The other day I mentioned in passing an attempt by the DPP to persuade the Court of Appeal to prioritise general deterrence above current sentencing practices for the offence of recklessly causing serious injury under s 17 of the Crimes Act. The case was Winch v The Queen  VSCA 141, and we discussed it here last year.
The only really clear message that emerged from Winch was that striking someone with a glass cup or bottle (with all the potential for injury that involves) should not be considered less serious than assaults with other kinds of weapons. What the circumstances lack in preparation, the Court said, they make up for by how commonly it occurs. There was an acknowledgment that the majority of sentences handed out amount to only a small proportion of the maximum penalty provided by parliament, but despite some tough language the judgment didn’t go further than saying an immediate prison term will ordinarily be appropriate.
Maxwell P and Redlich JA [at 53]:
[I]in a glassing case (where the offender is being sentenced for RCSI) the full suspension of a custodial sentence will not ordinarily be an available sentencing option. The objective gravity of the offence will usually require a term of immediate imprisonment. This approach is necessary, in our view, if the courts are to give appropriate effect to the maximum penalty — which marks out the sentencing parameters — and to general deterrence, and to recognise the objective seriousness of ‘glassing’ as an instance of RCSI.
Glassing cases should, in our view, be treated as being in the same category as other RSCI offences which involve the use of a dangerous weapon likely to produce serious injury. There is no warrant for placing these cases in a lower category of seriousness where an immediate custodial sentence is not ordinarily required.
It follows, in our view, that sentencing judges should not regard themselves as constrained to follow the course disclosed by the glassing cases to which we have referred. Those advising clients in the future whether or not to plead guilty to RCSI in a glassing case should ensure that no assumption is made about the availability of a suspended sentence.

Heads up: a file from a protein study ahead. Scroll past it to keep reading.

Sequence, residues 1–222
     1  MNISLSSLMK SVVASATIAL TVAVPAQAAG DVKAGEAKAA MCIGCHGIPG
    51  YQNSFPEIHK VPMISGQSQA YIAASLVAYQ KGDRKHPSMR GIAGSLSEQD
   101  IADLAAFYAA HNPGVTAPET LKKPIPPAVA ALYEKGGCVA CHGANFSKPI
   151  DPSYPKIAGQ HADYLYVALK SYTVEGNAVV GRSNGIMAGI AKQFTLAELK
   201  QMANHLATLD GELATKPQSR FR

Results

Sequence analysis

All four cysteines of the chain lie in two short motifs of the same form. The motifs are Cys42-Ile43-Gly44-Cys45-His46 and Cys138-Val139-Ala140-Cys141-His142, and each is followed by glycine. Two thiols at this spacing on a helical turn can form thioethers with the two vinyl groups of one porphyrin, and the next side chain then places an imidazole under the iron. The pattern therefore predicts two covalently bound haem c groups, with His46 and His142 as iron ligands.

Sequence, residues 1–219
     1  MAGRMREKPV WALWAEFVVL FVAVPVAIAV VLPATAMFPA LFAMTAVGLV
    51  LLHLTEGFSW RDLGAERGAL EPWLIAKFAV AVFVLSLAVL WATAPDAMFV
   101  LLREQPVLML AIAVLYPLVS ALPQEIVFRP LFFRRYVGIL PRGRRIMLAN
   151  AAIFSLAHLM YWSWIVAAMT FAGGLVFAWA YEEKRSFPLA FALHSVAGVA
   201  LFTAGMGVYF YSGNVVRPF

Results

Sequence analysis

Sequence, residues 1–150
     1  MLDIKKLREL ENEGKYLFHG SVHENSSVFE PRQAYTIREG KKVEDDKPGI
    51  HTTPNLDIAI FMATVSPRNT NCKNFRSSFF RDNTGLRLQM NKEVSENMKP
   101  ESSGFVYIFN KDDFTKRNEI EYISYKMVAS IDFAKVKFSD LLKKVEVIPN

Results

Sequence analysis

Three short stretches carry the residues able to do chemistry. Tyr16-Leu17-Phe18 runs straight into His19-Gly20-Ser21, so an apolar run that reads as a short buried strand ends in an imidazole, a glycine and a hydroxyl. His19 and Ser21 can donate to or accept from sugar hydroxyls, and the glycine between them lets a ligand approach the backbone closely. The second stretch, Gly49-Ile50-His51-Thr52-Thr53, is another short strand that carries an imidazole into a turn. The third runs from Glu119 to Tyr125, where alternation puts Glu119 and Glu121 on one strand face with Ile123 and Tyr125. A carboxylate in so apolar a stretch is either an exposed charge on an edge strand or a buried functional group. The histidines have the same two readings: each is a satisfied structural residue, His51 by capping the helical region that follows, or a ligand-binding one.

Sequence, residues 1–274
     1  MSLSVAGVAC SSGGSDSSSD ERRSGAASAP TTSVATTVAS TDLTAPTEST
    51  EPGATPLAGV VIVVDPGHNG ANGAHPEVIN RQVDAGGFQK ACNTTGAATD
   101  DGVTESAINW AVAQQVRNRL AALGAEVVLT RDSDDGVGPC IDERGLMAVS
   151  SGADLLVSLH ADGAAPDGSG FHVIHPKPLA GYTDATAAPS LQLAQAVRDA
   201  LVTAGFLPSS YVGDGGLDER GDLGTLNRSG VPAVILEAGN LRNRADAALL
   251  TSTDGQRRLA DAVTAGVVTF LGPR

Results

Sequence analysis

White v The Queen  VSCA 261 confirmed that the Court of Appeal didn’t intend to increase the usual tariff for RCSI offences. Buchanan and Neave JJA considered a case where the appellant had struck his brother-in-law a blow to the head with an iron bar after a domestic dispute. The appellant admitted being present but denied striking the blow, and took the matter to trial in the Supreme Court, where he was found guilty by jury of the RCSI charge. He was sentenced to seven years imprisonment, with a minimum of four to be served.
The appeal asserted that the sentence was outside the range of current sentencing practices; only 5 of 505 sentences for that offence had, in recent years, exceeded 7 years. It was acknowledged that 88% of such charges are dealt with in the Magistrates’ Court, where the sentence available is statutorily limited to 2 years. The Court quoted Ashley, Redlich and Kellam JJA in DPP v Maynard  VSCA 129 when they said [at 35] that statistics, by themselves, do not establish a sentencing practice.
It’s notable Winch was quoted in that case [at 42] in support of the penalty being reduced, not affirmed.
The facts in Giannoukis occurred in the typical context of a fight between young men in a club. The evidence disclosed the respondent was less culpable than might usually be expected, but he did flee the scene and the injury was significant. The sentencing judge awarded a suspended sentence, which the DPP appealed. Certain factual findings of the sentencing judge about the circumstances of the offence were unsuccessfully challenged. The term of imprisonment was increased on the appeal, but was suspended.
Neave JA reviewed the cases of Trowsdale v The Queen  VSCA 81, Ellis v The Queen  VSCA 296, DPP v Gerrard  VSCA 200 and DPP v Aslan  VSC 518. Her Honour’s analysis [33 – 41] conveniently summarises recent developments regarding the offence.
The potted history ends with a quote from Whelan J in Aslan where it was said [at 21],
The Court of Appeal has recently made it very clear that the seriousness and prevalence of this type of offence mean that general deterrence and, where necessary, specific deterrence must be given primacy in the sentencing synthesis. General deterrence is very important here. At the risk of oversimplification, the courts must strive to send this message: glassing means jail.
Neave JA added [at 24],
There is no doubt that the imposition of a suspended sentence requires two distinct steps. As Kirby J said in Dinsdale v The Queen (2000) 202 CLR 321:
The first is the primary determination that a sentence of imprisonment, and not some lesser sentence, is called for. The second is the determination that such term of imprisonment should be suspended for a period set by the court. The two steps should not be elided. Unless the first is taken, the second does not arise. It follows that imposition of a suspended term of imprisonment should not be imposed as a ‘soft option’ when the court with the responsibility of sentencing is ‘not quite certain what to do’.
Neave JA found Giannoukas had strong mitigating factors that warranted the suspension of his sentence. Courts may need to send the message that glassing will mean jail, as Whelan J said, but that doesn’t mean imprisonment will always be the appropriate penalty.
2 thoughts on “DPP v Giannoukas  VSCA 296: "glassing means jail", but not always”
Ever seen the ordinary case they keep talking about?
Check out Caen's recent post on baseline sentences:http://caenscorner.blogspot.com/2011/10/baseline-sentencing-and-high-courts.html#moreThe government is taking a new approach to 'solving' public hysteria about violent crime.